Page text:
Another of my old newspaper articles (Linda Smith)
“I’m slow,” said Donna in a matter-of-fact tone. “I’ve always been slow. I can read and write, but I’m just not able to comprehend what I read very well.” Donna sat at a desk at the local tech school. Just moments before, Donna and her teacher, Eulalie Woeltjen, had their heads close together, focused upon the worksheet laid out before her.
It was a Wednesday night and six other students, pencils in hand, were hard at work on their own papers. Many of them, like the students of the old one-room school house, were at different levels of learning, beginning anywhere from kindergarten to the fifth grade.
Stopping at each desk, Mrs. Woeltjen made her way about the room, her voice always low and pleasant as she explained something the student did not understand. There was never a hint of impatience, because there was none. Mrs. Woeltjen understands, perhaps better than anyone, the courage it takes for these adults to even be there.
Donna’s troubles started at the very beginning – in elementary school. Never able to keep up, she struggled through the elementary grades and part of junior high school. She never did catch up. Becoming a dropout was inevitable. She gave up in the eighth grade. Haunted by self-doubt, inadequacy, and confusion, she turned to drugs for an answer. She didn’t find it there. Drugs only compounded an already insurmountable problem.
“I went back the next year because my mother asked me to,” she said. She was placed in tenth grade special education classes. Though they were small classes they still did not meet her needs. “In special education,” said Donna, “they want you to stay up with the class. And sometimes that’s not possible. Some people are just slower than others.”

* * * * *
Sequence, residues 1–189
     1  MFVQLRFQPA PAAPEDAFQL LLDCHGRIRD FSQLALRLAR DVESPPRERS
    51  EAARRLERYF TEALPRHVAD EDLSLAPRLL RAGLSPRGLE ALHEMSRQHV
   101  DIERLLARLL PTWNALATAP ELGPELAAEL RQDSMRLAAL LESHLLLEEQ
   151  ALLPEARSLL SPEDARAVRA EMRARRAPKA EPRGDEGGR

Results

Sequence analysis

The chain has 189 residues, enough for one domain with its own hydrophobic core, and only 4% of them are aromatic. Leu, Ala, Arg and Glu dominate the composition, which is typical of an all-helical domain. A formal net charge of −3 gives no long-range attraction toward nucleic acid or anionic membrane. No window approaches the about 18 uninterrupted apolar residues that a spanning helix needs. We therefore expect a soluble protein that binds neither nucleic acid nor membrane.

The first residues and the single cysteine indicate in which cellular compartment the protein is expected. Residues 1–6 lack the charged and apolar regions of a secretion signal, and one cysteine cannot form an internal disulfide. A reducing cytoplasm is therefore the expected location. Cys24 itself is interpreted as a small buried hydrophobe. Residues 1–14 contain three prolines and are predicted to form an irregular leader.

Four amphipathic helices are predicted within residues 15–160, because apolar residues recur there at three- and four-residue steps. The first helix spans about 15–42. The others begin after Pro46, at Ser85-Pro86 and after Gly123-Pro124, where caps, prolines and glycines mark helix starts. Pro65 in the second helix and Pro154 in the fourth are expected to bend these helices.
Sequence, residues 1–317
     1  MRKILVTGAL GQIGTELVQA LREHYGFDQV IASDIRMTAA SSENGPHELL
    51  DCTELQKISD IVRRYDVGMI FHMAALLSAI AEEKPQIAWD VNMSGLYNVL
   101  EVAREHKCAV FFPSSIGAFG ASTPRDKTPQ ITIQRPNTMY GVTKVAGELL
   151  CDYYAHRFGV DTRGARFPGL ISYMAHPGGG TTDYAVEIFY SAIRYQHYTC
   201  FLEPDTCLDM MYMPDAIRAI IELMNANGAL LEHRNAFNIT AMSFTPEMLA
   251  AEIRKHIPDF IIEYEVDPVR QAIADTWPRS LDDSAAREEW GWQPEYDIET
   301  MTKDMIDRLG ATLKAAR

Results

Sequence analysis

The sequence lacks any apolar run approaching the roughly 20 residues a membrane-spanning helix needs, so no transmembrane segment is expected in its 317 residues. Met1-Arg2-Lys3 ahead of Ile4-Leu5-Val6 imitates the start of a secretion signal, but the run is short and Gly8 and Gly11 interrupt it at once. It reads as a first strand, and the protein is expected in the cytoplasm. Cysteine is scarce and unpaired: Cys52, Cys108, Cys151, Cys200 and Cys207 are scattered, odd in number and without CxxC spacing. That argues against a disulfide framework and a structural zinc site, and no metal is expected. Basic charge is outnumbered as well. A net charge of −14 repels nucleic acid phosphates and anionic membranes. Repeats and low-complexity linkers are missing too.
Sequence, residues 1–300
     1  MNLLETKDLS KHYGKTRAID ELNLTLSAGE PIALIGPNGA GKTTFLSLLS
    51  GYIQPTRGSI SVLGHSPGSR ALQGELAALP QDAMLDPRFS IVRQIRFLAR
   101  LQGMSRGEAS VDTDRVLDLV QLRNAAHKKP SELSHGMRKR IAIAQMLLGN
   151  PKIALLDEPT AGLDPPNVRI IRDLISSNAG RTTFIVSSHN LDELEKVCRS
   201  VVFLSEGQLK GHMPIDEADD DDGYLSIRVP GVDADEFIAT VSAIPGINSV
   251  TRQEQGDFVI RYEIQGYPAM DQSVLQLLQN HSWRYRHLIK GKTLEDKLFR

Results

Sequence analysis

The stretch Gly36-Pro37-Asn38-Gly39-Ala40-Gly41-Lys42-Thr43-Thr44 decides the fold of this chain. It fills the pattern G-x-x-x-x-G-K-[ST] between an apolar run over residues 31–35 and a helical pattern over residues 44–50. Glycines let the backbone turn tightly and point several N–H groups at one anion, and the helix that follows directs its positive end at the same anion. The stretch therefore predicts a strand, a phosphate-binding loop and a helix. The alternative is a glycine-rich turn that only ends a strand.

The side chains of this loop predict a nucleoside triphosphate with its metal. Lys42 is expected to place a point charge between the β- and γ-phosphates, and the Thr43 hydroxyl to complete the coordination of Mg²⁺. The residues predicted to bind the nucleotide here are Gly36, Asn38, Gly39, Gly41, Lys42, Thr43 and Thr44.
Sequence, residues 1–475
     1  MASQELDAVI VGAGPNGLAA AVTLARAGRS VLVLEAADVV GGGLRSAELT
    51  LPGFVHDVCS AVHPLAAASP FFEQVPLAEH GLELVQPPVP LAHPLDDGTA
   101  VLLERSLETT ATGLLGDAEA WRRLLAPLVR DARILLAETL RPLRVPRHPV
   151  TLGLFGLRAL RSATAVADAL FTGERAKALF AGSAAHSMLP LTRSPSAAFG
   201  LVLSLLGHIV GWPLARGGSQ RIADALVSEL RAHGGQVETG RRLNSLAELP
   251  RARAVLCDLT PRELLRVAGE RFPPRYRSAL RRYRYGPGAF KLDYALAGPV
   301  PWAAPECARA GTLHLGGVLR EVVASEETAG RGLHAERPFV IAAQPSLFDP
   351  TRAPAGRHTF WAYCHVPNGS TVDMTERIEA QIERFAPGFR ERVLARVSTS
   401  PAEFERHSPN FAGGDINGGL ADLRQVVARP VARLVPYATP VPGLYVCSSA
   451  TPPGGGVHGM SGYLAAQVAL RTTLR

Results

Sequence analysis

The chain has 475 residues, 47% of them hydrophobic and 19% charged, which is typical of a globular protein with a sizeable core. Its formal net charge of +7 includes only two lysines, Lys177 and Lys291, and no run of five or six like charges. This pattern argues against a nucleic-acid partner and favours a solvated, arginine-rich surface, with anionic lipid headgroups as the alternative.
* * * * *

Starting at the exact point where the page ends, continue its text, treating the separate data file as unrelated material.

Still not able to make it, Donna started hanging with the wrong crowd and skipping school. It wasn’t long before she left for good. Donna is now twenty-six years old and employed at Modern Industries. “They’re the ones who helped me get out here,” she said. “I’m progressing here. In this class I can take my own time. I can work at my own pace. I can go behind or I can go ahead. It’s up to me. I’m advancing at my own level. I don’t feel pressured.”
* * *
Larry has always wanted something more. He is a big man with strong, solid features. His hair is spotted with gray. His children are grown and his grandchildren are beginning another generation. He has attended the adult literacy class for three months, but finds it hard to verbalize his exact reasons for coming back for more basic education. He makes a good living as a brick mason and runs a barber shop on the side.
“In this class,” he said, “I understand a whole lot more. I want to go on and get my GED. That’s the ideal.” Larry has lived in Queensland most of his life and attended Queensland school. He dropped out in the tenth grade. About fifteen years ago he enrolled in a class at Linwood Elementary School, but attended only one month before he started to work in Atlanta.